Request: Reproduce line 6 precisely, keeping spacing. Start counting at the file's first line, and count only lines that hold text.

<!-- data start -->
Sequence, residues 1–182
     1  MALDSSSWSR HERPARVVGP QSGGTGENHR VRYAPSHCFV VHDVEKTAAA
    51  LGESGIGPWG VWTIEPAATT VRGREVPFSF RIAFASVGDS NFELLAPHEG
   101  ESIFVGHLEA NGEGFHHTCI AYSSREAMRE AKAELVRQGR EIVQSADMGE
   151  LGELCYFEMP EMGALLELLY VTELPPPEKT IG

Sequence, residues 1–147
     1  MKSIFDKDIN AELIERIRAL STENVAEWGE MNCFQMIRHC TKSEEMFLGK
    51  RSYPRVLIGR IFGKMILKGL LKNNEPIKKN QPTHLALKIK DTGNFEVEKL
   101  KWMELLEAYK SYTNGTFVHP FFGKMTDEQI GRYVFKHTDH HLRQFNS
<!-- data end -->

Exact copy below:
Sequence, residues 1–147